I would have predicted the opposite. Those baked/organic/etc chips love to talk about how they were "created by a guy named Joe in his kitchen a small town in middle-America, showing how small businesses really can compete with the big guys, but only if you're willing to pay 50% more for our chips, instead of selling out to the big corporate chip-makers"

Similarly, I've never seen a bag of Lays that talks about a "family or an American locale".

the best chips and dips are Old Dutch made in Winnipeg (Mexichili, Mesquite, Dill Pickle, Ketchup - terrific) - Kettle brand out of Oregon is also very good - every Lays flavour has sugar in it for some weird reason - never buy Simple brand from Shoppers Drug Mart - greasy awfulness

Not so weird. Sugar tastes awesome to our lizard brains. 'They' put it in everything they can.

The bag of Lay's I have right here says it has <1g of sugar per serving. The only ingredients are: potatoes, vegetable oil, and salt. So it's not like "they" are adding sugar.

A a low-carb guy, to me the most unhealthy part of a potato chip is the potato.

Well, yeah. Eating potato chips is really no different than eating any other kind of potato. There's a little sunflower oil, which isn't bad for you other than the fact that it adds a few calories. The "only" thing bad about (all) potatoes is the high glycemic index simple carbs.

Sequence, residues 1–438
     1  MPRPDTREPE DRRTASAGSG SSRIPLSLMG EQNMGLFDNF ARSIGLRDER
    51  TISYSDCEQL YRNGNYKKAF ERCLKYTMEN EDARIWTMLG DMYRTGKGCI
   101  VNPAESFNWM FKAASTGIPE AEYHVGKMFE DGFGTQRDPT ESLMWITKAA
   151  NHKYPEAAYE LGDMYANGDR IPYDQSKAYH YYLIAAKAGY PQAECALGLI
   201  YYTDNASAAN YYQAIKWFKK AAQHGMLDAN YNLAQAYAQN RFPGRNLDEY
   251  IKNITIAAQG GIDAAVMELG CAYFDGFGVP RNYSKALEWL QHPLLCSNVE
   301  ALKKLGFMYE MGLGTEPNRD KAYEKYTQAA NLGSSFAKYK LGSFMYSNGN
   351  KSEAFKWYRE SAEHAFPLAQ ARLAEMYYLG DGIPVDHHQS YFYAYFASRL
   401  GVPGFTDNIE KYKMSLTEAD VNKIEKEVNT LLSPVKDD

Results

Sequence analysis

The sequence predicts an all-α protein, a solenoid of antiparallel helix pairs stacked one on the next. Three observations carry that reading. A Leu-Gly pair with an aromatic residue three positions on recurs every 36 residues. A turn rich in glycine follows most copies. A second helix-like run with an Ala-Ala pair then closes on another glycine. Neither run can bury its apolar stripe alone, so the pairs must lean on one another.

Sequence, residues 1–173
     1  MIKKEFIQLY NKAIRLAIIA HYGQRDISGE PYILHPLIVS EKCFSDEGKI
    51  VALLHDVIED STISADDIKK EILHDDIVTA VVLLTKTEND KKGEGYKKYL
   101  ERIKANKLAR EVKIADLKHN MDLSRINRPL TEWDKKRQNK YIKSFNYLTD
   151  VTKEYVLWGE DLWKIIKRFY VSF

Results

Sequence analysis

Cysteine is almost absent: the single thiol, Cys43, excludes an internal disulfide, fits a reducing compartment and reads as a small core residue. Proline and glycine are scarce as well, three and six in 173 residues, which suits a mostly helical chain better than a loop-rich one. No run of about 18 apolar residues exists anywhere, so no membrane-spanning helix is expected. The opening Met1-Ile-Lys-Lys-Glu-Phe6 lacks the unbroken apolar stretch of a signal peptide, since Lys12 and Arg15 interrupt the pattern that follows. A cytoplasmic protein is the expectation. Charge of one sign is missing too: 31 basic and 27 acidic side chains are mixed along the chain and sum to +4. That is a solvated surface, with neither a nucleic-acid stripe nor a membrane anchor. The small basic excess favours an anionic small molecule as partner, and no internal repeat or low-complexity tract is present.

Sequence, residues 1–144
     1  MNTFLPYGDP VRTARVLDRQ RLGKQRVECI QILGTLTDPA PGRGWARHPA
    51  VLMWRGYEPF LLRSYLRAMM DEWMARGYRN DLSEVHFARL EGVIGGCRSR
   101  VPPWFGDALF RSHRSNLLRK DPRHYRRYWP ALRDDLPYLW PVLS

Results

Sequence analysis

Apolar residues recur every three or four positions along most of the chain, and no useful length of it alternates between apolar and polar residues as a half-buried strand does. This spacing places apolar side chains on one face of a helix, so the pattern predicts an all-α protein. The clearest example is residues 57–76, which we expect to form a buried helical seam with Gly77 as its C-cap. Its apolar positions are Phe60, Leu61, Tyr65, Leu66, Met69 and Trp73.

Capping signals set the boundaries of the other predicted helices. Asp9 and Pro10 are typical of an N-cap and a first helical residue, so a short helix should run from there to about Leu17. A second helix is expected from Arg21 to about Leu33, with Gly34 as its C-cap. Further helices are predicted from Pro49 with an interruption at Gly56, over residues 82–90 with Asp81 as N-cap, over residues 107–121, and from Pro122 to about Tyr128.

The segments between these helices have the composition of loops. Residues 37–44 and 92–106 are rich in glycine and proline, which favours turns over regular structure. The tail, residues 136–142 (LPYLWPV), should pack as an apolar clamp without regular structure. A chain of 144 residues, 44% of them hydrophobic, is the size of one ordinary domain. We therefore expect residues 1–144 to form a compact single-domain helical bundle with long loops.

That's not even really true. Depending on how you cook it, the glycemic index of a potato varies between 55-90, so it's really more "medium".

Related: http://xkcd.com/641/

Laughed out loud in my cube.

The alt text is hilarious too.

+1

Ha. I've been noticing how many things in the supermarket are now "GLUTEN FREE!!" even though they've always been gluten free and no one in his right mind would ever put gluten in them.

'All natural' in the U.S. means 'no food colorings added.' it's basically meaningless

I already assumed it was meaningless but that's even more meaningless than I assumed!

The bag of Lay's I have right here says the following:

- "Naturally delicious"
- "farm-grown potatoes"
- "no artificial flavors"
- "no preservatives"
- "no MSG"
- "0g trans fat"
- "gluten free"
- "no artificial flavors"

(some of these are repeated more than once)

So that's 6 negative statements. I guess this means that Lay's is an "expensive chip"?